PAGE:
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Post Office: a Novel [Unknown Binding]

Charles Bukowski
4.4 out of 5 stars  See all reviews (72 customer reviews)

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Product details

  • Unknown Binding
  • Publisher: Black Sparrow (1971)
  • Language: English
  • ASIN: B001OP3UKC
  • Average Customer Review: 4.4 out of 5 stars  See all reviews (72 customer reviews)

More About the Author

Charles Bukowski is one of America's best-known contemporary writers of poetry and prose, and, many would claim, its most influential and imitated poet. He was born in Andernach, Germany, and raised in Los Angeles, where he lived for fifty years. He published his first story in 1944, when he was twenty-four, and began writing poetry at the age of thirty-five. He died in San Pedro, California, on March 9, 1994, at the age of seventy-three, shortly after completing his last novel, Pulp (1994).

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Customer Reviews

Most Helpful Customer Reviews
26 of 27 people found the following review helpful
5.0 out of 5 stars if honesty really was the best policy... 14 Oct 2010
By Josef K
Format:Paperback
This book is the story of Henry Chinaski's world. Its deep and compelling individuality is a refreshing change from conventional literary works.

In the post industrial society that I live in I am bombarded every day with signs telling me that things like my trainers, my clothes and my mp3 player are all more than they seem to be. They aren't trainers, they're running down a street alone in misty morning rain, they're fitness and health. Every day I am being sold a way of life and a dream. Reading post office is a welcome reminder that life is not dreams and images floating on screens; it is a place to live, food, drink, independence, sex and friendship.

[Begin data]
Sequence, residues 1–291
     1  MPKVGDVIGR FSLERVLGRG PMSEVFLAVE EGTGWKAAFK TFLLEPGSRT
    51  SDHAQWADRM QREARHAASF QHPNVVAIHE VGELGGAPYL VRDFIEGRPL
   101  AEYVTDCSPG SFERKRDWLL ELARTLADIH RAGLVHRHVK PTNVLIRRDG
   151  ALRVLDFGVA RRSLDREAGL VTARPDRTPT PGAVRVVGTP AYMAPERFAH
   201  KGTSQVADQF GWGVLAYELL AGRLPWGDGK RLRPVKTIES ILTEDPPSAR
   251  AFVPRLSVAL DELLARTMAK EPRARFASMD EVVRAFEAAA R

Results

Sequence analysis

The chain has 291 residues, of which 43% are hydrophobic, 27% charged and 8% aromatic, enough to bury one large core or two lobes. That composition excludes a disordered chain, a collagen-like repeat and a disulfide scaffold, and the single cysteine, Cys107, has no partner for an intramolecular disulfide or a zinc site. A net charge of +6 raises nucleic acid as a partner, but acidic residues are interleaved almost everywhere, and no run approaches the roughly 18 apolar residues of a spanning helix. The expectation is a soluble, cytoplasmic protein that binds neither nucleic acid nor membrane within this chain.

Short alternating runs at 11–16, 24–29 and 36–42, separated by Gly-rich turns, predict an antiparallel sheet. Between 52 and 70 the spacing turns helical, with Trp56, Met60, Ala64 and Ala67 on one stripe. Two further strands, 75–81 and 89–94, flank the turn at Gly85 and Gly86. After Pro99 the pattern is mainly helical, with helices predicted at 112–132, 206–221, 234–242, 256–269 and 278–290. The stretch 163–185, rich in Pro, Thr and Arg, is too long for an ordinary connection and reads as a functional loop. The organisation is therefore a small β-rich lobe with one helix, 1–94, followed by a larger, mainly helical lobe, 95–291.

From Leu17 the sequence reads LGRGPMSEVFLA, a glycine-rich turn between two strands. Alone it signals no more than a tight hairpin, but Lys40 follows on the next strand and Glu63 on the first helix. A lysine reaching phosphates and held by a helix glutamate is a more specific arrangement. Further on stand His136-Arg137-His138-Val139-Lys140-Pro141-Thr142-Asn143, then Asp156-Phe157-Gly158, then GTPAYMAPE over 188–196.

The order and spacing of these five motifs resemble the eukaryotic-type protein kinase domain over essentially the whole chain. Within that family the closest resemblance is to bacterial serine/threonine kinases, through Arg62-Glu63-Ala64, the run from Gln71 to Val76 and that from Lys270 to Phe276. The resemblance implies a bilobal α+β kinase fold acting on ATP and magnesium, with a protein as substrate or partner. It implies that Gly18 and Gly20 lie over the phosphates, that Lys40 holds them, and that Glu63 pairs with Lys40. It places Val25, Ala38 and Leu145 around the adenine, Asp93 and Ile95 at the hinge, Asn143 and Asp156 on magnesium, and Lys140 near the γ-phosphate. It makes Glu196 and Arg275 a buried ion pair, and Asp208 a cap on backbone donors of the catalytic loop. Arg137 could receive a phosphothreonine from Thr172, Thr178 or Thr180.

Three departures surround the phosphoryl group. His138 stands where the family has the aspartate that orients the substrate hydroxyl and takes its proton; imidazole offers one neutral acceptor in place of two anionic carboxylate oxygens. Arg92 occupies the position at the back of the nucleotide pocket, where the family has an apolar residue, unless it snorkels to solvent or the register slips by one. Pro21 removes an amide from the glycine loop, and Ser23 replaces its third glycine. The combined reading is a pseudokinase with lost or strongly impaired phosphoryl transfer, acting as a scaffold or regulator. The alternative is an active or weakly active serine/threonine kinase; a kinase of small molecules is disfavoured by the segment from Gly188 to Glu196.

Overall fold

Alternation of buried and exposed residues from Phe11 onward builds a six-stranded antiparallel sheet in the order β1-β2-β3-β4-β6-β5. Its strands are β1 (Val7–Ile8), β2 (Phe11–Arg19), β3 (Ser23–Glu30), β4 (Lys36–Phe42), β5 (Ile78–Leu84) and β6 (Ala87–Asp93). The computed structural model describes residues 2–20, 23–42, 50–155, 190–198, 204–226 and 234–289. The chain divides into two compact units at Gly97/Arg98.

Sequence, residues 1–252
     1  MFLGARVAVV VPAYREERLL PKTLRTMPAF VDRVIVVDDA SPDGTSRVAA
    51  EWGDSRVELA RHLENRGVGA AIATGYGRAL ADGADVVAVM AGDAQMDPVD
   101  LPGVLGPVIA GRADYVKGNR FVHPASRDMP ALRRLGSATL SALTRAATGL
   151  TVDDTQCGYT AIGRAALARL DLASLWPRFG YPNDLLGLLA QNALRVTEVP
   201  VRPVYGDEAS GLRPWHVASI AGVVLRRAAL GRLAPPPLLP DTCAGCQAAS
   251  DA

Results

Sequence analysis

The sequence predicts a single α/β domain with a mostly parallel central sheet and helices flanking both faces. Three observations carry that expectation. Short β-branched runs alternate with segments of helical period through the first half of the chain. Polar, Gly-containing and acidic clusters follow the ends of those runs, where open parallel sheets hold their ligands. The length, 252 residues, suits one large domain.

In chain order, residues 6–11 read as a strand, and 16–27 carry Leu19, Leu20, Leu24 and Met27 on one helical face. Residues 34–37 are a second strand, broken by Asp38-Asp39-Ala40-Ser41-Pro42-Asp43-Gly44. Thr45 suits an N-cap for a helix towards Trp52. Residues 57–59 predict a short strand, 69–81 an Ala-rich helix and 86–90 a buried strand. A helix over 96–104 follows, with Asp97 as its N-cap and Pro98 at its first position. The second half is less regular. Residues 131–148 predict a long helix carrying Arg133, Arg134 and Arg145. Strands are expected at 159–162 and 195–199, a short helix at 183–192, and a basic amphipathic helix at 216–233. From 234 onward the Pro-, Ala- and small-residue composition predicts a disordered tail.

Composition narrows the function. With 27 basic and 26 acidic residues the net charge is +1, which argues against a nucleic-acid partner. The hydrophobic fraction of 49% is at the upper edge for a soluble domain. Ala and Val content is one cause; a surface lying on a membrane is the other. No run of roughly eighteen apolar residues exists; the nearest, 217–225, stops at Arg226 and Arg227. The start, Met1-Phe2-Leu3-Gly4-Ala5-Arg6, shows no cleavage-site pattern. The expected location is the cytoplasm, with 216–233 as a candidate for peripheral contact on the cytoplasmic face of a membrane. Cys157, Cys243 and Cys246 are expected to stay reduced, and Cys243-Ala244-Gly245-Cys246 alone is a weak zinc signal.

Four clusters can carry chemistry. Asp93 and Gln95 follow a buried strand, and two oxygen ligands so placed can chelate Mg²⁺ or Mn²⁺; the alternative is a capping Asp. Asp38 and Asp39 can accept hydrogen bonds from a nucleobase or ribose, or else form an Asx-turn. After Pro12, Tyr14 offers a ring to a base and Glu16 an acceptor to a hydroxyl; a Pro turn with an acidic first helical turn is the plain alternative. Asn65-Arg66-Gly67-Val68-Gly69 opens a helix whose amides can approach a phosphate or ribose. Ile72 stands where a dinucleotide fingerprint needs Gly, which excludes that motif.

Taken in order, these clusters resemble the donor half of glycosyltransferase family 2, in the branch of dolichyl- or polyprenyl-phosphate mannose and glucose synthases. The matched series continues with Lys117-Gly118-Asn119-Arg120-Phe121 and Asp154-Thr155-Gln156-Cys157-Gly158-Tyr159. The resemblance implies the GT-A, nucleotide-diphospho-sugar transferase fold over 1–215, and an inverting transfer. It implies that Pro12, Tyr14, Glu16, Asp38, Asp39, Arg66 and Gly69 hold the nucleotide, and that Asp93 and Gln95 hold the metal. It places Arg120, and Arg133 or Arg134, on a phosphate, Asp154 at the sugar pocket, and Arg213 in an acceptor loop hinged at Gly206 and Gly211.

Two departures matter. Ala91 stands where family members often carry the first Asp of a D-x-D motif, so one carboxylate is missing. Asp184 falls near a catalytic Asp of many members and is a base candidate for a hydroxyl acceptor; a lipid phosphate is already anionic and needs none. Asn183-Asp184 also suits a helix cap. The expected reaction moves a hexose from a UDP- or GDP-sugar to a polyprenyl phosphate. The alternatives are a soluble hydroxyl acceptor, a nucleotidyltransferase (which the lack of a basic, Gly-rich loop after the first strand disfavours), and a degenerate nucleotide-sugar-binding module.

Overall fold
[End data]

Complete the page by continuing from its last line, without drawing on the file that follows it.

What sets Post Office apart is the honesty it manages to convey. The thing that's missing is shame, so any good Christians who cling tightly to their shame, their key to heaven, might find Post Office a bit too sensually overwhelming. Chinaski doesn't buy into social morality, he's the model of the man who is in touch with his most basic urges. The prose is familiar and easy to read but nonetheless very clever. It is immediately and intensely ironic, funny and sad.

Bukowski has a wonderful eye for character, if a cynical one. There is a lot of beauty in the book, but not in typical places. Chinaski comes across as a man who is cleverer than everyone around him, but can't move forward because he refuses to make the compromises societies and businesses require.